Overall the project was a challenge that I hope I was able to live up to. The webpage is online here, and although not entirely complete, I think for 3 days, the presenters of the Genealogical Conference of Salt Lake City will be very pleased.

—Mark, you can download the files for marking here.

School Calendar – Japanese Style


As we finish off our Web Fundamentals course, students are scrambling to finish off the last homework assignment for the course. We were asked to design a calendar with a theme and incorporate any holidays specific to that month. I chose to do a Japanese theme for the month of September in 2016. Besides having to locate a related font to match the theme, I had to research Japanese characters and how they’re displayed. The characters in the month were done in SVG format which i had never done before. The CSS flip has two versions of the day and one is hidden while the other displays. On a rollover, the two images switch out and rotate 180°, hiding one while displaying the other. I was able to simply switch out the typical image extension of .jpg or .png with the vectors and they all worked correctly.

I had thought from the beginning to do a roll-over effect with hovers on the background image inside a div, but i thought a CSS flip would look nicer. The coding for the two was completely different. I ended up having to create divs within all the td tags in a table and inserting the divs into those td’s and later use CSS styling to effect the flip and containers to rotate. a special thank you to David Walsh for providing an easier understanding of the CSS flip.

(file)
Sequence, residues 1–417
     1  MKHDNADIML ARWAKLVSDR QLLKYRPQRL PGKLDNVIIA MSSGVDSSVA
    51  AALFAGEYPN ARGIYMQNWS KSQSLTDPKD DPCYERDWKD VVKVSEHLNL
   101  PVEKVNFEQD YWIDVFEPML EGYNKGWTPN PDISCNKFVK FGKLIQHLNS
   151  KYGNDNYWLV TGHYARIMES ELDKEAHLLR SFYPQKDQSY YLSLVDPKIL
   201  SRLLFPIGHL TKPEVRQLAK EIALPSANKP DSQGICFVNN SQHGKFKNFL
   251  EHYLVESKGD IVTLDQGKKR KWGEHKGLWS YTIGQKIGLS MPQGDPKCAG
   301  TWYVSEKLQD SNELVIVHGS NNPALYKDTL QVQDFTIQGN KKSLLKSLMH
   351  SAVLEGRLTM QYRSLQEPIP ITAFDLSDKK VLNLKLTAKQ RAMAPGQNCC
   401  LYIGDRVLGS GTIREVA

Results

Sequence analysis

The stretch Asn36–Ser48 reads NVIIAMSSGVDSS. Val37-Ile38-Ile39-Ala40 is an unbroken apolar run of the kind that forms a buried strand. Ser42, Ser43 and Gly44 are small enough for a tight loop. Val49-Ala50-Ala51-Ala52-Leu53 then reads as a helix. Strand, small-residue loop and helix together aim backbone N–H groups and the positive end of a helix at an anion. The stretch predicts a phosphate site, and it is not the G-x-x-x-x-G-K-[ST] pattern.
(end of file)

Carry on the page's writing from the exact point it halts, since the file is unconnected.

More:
You can see the online calendar here.

You just got Schooled!


Recently at Humber’s Web Design, Development and Maintenance course, we studied html tables. Part of that lesson involved combining rows or columns through the use of “colspans”” or “rowspans.” By using these attributes we are able to combine rows or columns to create more aesthetic tables. Our homework assignment involved taking a painting by Piet Mondrian titled “Composition with Large Red Plane, Yellow, Black, Gray, and Blue” and building that painting using CSS styling, as well as HTML5 with colspans and rowspans.